Brandon Hood, a 9th Congressional District Democratic candidate, has been accused of sexual harassment and assault by a campaign volunteer. Following the accusations, Hood’s campaign manager and a prominent organizer for the campaign stepped down Tuesday and asked him publicly to withdraw from the race.
Sarah Conley, the volunteer who accused Hood, said he groped her around 1 a.m. Monday at Hood's house, which is also the official campaign headquarters, and threw a chair when witnesses intervened, according to a public post on her Facebook page.
“I'm speaking out because I want to protect others,” Conley said in the post. “It took one person to get others to speak up.”
Hood, a Democrat, is running in a crowded congressional primary, with five Democrats and one Republican vying for the 10-county seat. Some of his main platforms are ending the war on drugs, Medicare for All and raising teachers’ wages, according to his campaign website.
Conley, Hood, campaign organizer Alex Goodlad and campaign manager Glitz Litzenberg had been at Hood’s house to come up with plans to promote the campaign, creating hashtags and plans for a social media push, Conley said. She was taking notes throughout the meeting and later rewriting them so they were organized.
Conley said she was afraid of Hood possibly getting violent when she rejected his romantic offers, so she told him she wasn’t interested in dating anyone right now, wanting to let him down gently.
“Forget about this right now,” Conley said Hood allegedly told her while taking a notebook out of her hands and continuing to harass her.
Hood did not respond to multiple requests for comment.
Conley said she also reported the incident to Bloomington Police Department, who told her proving the case would be hard, even with two witnesses. She said she was told the best charge the police could lay on him was battery.
Conley spoke with Bloomington Police Department, but no charges have been brought against Hood yet.
Conley said others accused Hood of harassment after seeing her post. She said she understands they’re doing it in support but she’s afraid it’ll open up speculation into what happened to her. She said she’s also torn because she wished these people had shared their stories before and didn’t bring up things irrelevant to her harassment.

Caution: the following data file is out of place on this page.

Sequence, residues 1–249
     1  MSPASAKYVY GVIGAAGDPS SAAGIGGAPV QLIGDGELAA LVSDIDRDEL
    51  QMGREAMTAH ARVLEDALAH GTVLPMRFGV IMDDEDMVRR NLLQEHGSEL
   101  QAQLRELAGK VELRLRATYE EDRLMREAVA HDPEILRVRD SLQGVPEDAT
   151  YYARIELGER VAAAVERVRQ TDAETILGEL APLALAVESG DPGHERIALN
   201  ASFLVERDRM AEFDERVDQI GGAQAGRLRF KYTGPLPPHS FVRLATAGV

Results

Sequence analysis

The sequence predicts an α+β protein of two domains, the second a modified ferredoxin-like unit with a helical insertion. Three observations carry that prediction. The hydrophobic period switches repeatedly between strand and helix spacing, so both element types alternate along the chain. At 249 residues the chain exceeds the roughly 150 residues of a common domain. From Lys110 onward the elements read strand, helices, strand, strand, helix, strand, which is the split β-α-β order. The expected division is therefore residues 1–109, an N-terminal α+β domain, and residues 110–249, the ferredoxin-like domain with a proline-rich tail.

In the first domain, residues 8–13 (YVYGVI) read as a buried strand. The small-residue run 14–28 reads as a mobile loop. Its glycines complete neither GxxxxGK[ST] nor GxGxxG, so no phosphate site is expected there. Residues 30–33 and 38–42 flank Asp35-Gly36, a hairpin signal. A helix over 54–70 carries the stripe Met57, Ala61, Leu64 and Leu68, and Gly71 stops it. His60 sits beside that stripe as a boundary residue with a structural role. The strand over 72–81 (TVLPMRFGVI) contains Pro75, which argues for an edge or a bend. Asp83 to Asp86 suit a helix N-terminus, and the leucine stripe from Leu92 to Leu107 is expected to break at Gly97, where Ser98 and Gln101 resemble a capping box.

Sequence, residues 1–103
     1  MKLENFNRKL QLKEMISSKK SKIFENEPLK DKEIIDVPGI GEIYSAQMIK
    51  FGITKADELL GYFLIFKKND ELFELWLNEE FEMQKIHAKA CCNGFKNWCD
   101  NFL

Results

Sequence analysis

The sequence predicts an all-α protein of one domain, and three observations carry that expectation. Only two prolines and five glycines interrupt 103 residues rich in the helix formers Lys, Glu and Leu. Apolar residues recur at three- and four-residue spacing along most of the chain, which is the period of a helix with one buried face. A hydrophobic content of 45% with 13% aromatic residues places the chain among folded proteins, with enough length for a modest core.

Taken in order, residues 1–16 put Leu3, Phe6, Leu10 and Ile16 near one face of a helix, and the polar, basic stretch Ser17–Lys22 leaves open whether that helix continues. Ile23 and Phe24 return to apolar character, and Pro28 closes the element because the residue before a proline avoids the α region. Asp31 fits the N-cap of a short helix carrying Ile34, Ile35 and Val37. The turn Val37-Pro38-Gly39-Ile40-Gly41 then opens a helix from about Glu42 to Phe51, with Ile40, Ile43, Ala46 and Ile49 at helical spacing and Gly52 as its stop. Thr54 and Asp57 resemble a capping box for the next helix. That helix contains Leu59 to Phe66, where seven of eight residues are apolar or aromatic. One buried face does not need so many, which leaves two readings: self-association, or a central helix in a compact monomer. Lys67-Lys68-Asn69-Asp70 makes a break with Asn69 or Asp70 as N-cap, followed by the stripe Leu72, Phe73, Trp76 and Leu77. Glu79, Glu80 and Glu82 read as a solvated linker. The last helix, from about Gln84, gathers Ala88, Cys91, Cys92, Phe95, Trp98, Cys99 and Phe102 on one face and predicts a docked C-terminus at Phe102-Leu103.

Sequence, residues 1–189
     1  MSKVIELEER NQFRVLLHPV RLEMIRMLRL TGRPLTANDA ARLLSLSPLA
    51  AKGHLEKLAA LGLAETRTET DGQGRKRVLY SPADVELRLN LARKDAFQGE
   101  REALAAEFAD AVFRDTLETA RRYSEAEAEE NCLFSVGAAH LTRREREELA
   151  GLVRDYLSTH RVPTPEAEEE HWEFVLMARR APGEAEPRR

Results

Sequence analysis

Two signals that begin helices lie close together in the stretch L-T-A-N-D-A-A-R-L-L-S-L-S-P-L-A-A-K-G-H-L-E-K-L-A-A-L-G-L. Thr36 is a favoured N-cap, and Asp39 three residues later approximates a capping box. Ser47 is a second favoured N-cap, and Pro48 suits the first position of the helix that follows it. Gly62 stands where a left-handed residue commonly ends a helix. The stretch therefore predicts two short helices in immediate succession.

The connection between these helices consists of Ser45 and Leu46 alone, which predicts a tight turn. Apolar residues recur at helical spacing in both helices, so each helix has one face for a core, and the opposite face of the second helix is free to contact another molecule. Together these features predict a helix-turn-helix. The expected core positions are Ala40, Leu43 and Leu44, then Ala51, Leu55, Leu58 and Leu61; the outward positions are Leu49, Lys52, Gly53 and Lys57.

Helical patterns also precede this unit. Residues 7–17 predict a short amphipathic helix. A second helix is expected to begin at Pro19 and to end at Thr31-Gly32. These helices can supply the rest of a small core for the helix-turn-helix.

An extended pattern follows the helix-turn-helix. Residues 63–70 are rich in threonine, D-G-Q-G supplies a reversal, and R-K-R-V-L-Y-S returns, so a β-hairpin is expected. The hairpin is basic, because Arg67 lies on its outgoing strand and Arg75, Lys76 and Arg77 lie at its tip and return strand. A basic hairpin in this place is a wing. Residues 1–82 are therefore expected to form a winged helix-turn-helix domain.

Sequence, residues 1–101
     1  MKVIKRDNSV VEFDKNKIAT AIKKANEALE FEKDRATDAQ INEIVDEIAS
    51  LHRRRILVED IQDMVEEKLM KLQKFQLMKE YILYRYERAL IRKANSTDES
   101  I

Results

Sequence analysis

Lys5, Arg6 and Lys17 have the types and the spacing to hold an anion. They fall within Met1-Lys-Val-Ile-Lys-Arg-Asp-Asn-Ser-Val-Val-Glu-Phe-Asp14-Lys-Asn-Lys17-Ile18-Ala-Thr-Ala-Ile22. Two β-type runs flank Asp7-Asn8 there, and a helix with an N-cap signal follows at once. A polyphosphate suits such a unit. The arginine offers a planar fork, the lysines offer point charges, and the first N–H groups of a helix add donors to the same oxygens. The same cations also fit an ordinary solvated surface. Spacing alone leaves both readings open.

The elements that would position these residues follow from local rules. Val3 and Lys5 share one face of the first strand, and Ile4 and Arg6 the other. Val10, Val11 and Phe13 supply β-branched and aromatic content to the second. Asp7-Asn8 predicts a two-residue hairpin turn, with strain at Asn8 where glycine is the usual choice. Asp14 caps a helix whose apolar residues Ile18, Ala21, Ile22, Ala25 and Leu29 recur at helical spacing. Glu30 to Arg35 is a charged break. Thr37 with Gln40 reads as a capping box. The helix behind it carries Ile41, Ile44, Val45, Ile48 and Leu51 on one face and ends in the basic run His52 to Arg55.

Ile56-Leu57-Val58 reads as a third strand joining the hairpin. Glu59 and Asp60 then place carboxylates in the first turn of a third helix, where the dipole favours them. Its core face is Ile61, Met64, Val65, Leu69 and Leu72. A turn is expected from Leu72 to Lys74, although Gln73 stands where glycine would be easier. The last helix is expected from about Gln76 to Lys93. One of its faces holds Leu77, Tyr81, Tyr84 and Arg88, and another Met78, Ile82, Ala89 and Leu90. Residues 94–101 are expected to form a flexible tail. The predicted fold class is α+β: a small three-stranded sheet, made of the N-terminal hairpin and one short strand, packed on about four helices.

“If he ends up in a position of power, he won’t get better, he’ll only get worse,”Conley said.
Goodlad said he witnessed Hood harassing Conley. Hood flirted with her and tried to touch her at the end of the night and asked Conley for sex multiple times. Litzenberg intervened when Hood kept trying to touch Conley despite her saying no multiple times.
Goodlad formally resigned from the campaign via a Facebook post Tuesday, saying he couldn’t support someone who doesn’t understand basic human dignity.
“There has to be accountability,” he said in the Facebook post.
Litzenberg, who said he witnessed the incident with Conley, also resigned from his position, saying he couldn’t support a candidate who would sexually harass someone. Addressing Hood directly in the post, Litzenberg said the candidate should try to improve himself.
Litzenberg, who lived with Hood during the campaign, said Hood continually tried to goad him into fighting him during the argument after Hood allegedly groped Conley. Litzenberg said he also felt guilty that he didn’t call out Hood earlier after noticing warning signs of abusive behavior and manipulation during the campaign such as a culture of objectification and a lack of boundaries.
After the accusation began circulating social media, Hood’s personal Facebook profile was deleted. His campaign page, however, is still up.
Conley said if anything comes out of this, she hopes people know they can ask for help. Even if they aren’t sure who to turn to, someone will always be there to point them in the right direction.
“Every problem and issue I’ve faced in my life is because I didn’t know how and I didn’t know who to ask for help,” she said.
Correction: A previous version of this story incorrectly stated who intervened between Sarah Conley and Brandon Hood. The IDS regrets this error.
Like what you're reading? Support independent, award-winning college journalism on this site. Donate here.
More in News
The 58th annual Fourth of July parade took on a new form to prevent the spread of COVID-19.
The box is on the west side of the Bloomington Fire Station at 300 E. Fourth St.
Businesses will be required to post a sign telling customers to wear masks.